Once the data analysis has identified weak points and a comprehensive step by step health and safety plan has been drawn up, organisations can adopt a more proactive approach to risk management using a combination of training and use of wearable technology to help bring about gradual behaviour change across an organisation. The changes can be tracked using real time data using target setting and ongoing assessments.   

Effective planning measures may include: 

  • More comprehensive training on certain aspects of the job role looking at specific groups based on risk factors such as age, new starters, riskiest activities etc 


  • Involving staff in targets and improvements e.g. reward based systems. In the US, they have found that if workers themselves are able to track their own progress either on their own mobile phones via a bespoke app or on supplied in house technology, they are more invested in their own health and wellbeing. So for example, they can track their performance and see whether they are reducing their hazardous movements.  This can be potentially linked to a rewards-based system where they may get a reward when they hit specific targets.  


  • Tracking progress post training to ensure that employees stay on track and act on the training they have had on risk avoidance.  Where weaknesses are identified, wearable technology can be used to help to reinforce correct movement and avoid potential injury.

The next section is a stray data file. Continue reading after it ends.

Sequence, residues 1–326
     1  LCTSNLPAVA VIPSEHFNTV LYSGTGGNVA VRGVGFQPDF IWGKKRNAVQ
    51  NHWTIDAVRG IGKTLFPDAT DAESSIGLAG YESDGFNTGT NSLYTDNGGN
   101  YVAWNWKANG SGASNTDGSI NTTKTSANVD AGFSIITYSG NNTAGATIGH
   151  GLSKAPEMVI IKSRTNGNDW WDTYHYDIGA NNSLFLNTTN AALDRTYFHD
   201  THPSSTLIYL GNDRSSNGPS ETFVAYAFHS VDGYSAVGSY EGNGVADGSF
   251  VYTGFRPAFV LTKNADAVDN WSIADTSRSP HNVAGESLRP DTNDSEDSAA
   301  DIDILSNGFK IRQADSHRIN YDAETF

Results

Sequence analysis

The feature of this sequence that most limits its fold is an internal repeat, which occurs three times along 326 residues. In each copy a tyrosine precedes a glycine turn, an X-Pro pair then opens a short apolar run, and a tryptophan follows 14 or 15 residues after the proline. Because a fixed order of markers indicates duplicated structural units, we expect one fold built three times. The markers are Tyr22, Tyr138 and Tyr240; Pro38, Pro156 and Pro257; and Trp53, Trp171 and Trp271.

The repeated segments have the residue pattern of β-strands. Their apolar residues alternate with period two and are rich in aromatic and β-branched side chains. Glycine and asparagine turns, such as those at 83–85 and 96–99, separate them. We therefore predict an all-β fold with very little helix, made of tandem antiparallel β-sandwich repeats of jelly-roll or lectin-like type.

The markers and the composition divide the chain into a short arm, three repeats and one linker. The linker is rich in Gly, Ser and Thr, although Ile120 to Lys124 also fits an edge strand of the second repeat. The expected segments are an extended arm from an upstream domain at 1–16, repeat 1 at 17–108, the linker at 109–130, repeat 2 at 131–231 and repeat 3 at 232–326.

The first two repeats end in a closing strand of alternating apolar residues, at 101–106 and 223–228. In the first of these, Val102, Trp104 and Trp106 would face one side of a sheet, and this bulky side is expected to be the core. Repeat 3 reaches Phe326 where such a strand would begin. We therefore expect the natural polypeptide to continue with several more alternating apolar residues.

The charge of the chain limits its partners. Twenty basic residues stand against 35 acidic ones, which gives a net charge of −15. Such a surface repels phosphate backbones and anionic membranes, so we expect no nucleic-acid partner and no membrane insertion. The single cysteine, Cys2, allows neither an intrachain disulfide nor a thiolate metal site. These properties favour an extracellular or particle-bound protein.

By using data analysis in this way, a more accurate and targeted training regime can be implemented.  Studies from the US have shown that accident figures substantially decrease once the technology has identified which riskier tasks need to be targeted with further training and continued monitoring using the wearable technology. 

Return on investment 

There is no denying that wearable technology costs money to roll out across a business, but the US model has shown that this initial outlay is soon recouped as sickness and injury levels drop, injury claims are far less frequent, and health and safety budgets are spent more wisely.  As the US is already demonstrating, this technology can also improve productivity and efficiency for certain tasks whilst improving health and wellbeing. We would not be able to know that without access to real time data.   Businesses can now have access to solid information that can be used to underpin health and safety decision making and transform staff health and wellbeing.  


Interested in wearable technology for your business?  email [email protected] for a free consultation.

Book a Demo

Book a Demo

    Personal Information

    Please fill in your personal information so we can contact you.